SUSAN DENTZER, NewsHour Health Correspondent: Dr. Jerome Groopman of Harvard is a leading authority on blood, cancer and HIV. He’s spent years doing research, treating patients, and training young physicians.
From personal and professional experience, he’s found that doctors frequently make mistakes in diagnosis, figuring out the nature and cause of a patient’s disease. He’s written a new book about it called “How Doctors Think.”
We met with him recently at his Boston lab and asked him what led him to write the book.
DR. JEROME GROOPMAN, Author: I was teaching Harvard medical students, and we were seeing patients in the hospital. And these are bright, motivated, compassionate young people. And I realized that they were jumping very quickly to decisions, making snap judgments, not thinking in a deep and expansive way. And often they didn’t come to the right diagnosis about what was wrong with the person.
SUSAN DENTZER: How common did you find that misdiagnosis really is?
DR. JEROME GROOPMAN: It’s remarkably common: 15 percent of all people are misdiagnosed; some experts in the field think it’s as high as 20 percent to 25 percent. And in half of all of those cases, there’s serious harm or even death to the person.
SUSAN DENTZER: And, in fact, you say this is the most common source of medical errors, not technical errors, like you wrote out the wrong prescription for the patient.
DR. JEROME GROOPMAN: In the past few years, there’s been important focus on safety issues, system solutions, make sure the bracelet has the correct name of the patient, that the blood tests are not mixed up in the lab, all very important. But when it comes to correct diagnosis, the roots are in errors in thinking.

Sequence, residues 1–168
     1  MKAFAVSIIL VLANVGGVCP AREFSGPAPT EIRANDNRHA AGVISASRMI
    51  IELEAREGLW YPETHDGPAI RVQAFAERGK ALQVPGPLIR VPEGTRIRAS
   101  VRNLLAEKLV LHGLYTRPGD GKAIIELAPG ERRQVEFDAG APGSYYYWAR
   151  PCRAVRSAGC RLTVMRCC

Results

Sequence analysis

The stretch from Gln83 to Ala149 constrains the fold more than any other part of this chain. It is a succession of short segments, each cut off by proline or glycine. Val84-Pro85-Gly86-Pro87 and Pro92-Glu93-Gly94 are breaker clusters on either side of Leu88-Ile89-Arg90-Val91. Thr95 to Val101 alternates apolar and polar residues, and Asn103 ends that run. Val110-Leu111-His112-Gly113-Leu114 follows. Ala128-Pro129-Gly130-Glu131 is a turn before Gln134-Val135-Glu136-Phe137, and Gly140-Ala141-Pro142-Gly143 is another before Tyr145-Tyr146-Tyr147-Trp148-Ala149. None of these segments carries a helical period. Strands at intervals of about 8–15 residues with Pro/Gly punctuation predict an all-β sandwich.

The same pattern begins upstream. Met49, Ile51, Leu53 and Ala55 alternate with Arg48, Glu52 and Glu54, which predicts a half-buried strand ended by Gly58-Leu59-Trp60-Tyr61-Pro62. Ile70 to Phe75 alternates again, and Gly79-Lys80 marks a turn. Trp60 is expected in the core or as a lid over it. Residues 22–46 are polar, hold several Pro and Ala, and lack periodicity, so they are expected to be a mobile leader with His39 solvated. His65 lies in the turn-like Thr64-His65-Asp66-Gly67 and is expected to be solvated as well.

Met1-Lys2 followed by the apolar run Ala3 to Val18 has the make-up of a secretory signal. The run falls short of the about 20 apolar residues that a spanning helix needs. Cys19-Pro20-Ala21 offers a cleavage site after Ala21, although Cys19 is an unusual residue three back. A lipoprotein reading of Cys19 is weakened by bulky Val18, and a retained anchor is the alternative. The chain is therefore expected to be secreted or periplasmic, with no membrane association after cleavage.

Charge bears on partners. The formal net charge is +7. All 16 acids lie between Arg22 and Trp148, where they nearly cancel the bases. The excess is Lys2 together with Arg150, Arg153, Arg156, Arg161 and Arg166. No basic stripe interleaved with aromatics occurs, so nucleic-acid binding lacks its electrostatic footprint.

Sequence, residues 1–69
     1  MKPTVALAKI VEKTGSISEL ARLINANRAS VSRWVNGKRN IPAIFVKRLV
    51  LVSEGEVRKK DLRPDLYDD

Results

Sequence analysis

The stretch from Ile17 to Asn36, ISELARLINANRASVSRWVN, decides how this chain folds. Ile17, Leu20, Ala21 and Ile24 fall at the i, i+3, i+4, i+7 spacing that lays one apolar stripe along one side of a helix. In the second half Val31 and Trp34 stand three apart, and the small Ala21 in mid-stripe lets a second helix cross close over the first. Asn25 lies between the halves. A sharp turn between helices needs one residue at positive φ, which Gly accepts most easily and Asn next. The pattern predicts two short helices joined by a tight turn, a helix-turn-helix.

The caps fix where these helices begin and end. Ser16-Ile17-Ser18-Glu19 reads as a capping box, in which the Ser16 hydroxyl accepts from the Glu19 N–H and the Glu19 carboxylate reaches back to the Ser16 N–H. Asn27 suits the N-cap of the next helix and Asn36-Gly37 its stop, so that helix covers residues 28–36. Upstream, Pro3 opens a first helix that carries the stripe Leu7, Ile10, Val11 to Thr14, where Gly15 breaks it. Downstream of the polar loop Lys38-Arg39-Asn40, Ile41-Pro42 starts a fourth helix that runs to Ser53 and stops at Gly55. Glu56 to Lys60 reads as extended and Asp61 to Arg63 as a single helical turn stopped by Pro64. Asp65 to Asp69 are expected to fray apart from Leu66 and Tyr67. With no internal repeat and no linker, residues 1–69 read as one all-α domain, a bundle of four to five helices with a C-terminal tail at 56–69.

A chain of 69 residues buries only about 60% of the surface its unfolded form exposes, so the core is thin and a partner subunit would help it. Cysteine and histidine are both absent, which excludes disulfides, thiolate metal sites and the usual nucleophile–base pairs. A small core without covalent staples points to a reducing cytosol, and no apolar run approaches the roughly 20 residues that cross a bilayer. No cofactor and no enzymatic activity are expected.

Using shortcuts in diagnoses
SUSAN DENTZER: Now, when doctors think, you say they use heuristics -- or, in laymen's terms, rules of thumb, shortcuts. What are some examples of that? And what happens when those shortcuts take them down the wrong road?
DR. JEROME GROOPMAN: Well, it turns out that we, as doctors, from the very first moment we see a patient and listen to the first words out of your mouth, begin to develop an idea in our mind about what's wrong, and we use a shortcut.
And one of the first shortcuts is called "anchoring." We sort of throw an anchor down and latch on to our initial impression. Often, we're right, but, in my opinion, too often we can be wrong. And we don't pick the anchor up; we stick with it, and we stick with the diagnosis.
SUSAN DENTZER: You say you made an anchoring error once yourself. What happened?
DR. JEROME GROOPMAN: I was a resident at the time. An older woman was complaining of discomfort under her breastbone. I thought it was acid reflux, that the acid from her stomach was moving up into her esophagus.
I gave her antacids, and they really didn't fix the problem. She continued to complain, but I just didn't let go. My mind was anchored on this being a form of indigestion.
And then, several weeks later, I was urgently paged to the emergency room, and she was in shock. And it turned out that she had a tear in the aorta, the large vessel that takes blood from the heart, and I had missed it. I had missed it because I was anchored onto indigestion and, also, frankly, because of my own feelings. I was irritated, and I closed my mind off.
SUSAN DENTZER: So what did you do differently after that?
DR. JEROME GROOPMAN: I tried to be more self-aware. But, frankly, we're not taught as medical students, or residents, or even senior physicians about these kinds of thinking errors or, frankly, how to keep a sense of our own emotional temperature, whether we dislike a patient or sometimes even like a patient too much.